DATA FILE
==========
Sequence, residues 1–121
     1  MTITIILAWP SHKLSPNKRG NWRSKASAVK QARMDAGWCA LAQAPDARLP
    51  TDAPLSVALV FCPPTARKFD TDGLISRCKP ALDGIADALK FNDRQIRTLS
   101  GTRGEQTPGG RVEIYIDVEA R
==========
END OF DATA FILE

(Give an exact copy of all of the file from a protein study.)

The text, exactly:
Sequence, residues 1–121
     1  MTITIILAWP SHKLSPNKRG NWRSKASAVK QARMDAGWCA LAQAPDARLP
    51  TDAPLSVALV FCPPTARKFD TDGLISRCKP ALDGIADALK FNDRQIRTLS
   101  GTRGEQTPGG RVEIYIDVEA R